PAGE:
Paola Turbay Doesn't Want Diamonds for Christmas


Paola Turbay Doesn't Want Diamonds for Christmas

The Cane star chatted exclusively with about the writers' strike, upcoming projects and her quirky Dec. 31 superstitions

Paola Turbay
Colombian actress Paola Turbay isn't asking Santa for a Ferrari or a diamond necklace this year. Like many people in the industry, what the Cane (CBS) star really wants for Christmas is for the writers' strike to be resolved.

Members of the Writers Guild of America began the work stoppage in early November, demanding more money for movie-script writers and for writers working on programs released on DVD and transmitted via internet. Last week, explains the actress, they finished up all the Cane episodes with scripts written before the strike began. "They say that soon as the strike gets lifted, we'll keep filming," Turbay says of the show's future.

In addition to her role on the popular show, the former Miss Colombia, 36, plays a small part in Love in the Time of Cholera, already in theaters, and is auditioning for other films, among them an independent "Little Miss Sunshine-style" production and a historical drama about Cuba.

Moving to Hollywood has definitely helped her make more contacts in Tinseltown. But Turbay isn't planning on spending the holidays at her Los Angeles home. Instead, she and her husband, Colombian businessman Alejandro Estrada, 39, and their two kids, 7-year-old Alejandro and 11-year-old Sofía, are going to Canada for a ski trip. Contrary to her typical Christmas plans, the actress won't be heading back to Colombia for the end-of-the-year festivities. "It's just going to be us four," she says, explaining with a hint of nostalgia how much she'll miss the traditional Colombian foods her family prepares for the celebration.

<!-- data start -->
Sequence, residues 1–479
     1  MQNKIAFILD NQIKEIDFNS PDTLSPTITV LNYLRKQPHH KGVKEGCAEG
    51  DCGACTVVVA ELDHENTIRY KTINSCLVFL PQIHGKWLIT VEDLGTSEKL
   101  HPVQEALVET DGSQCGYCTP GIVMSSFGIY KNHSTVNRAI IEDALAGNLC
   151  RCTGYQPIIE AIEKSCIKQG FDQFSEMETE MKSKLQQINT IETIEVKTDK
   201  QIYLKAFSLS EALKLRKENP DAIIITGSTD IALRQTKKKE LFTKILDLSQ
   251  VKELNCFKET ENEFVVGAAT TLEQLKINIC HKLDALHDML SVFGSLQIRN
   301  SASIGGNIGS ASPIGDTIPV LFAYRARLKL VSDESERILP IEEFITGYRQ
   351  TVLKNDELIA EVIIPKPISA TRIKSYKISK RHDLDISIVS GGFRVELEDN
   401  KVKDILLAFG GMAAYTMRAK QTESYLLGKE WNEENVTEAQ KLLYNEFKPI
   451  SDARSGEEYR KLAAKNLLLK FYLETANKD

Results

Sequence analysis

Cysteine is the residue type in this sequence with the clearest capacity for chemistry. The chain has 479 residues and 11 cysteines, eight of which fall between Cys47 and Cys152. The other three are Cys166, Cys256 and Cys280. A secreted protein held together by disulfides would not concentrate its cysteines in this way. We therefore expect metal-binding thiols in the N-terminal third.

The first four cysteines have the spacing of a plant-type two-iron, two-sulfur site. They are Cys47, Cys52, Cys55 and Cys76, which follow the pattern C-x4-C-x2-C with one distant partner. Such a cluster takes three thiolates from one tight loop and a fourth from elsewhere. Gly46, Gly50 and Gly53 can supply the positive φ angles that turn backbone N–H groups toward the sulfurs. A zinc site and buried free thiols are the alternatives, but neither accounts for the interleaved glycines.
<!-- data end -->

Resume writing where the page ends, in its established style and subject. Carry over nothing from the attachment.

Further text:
Still, her Los Angeles abode, where she's lived since she started working on Cane in June, is starting to feel home. She decorated her house with a tiny Christmas tree full of "ornaments that kids make in school." She's taught her children that the holiday "isn't about gifts, but rather about praying and reflecting on the birth of Jesus, and cleansing yourself spiritually to begin the new year."

To rid herself of bad energy, the actress follows one ritual after another on Dec. 31. She wears yellow underwear "to bring prosperity," eats 12 grapes at midnight – making a wish with each one –, hands out sprigs of wheat "so that there'll be enough food," and sometimes walks around on the block dragging a suitcase in the hopes that she can "travel all year." Let's hope Santa's listening!

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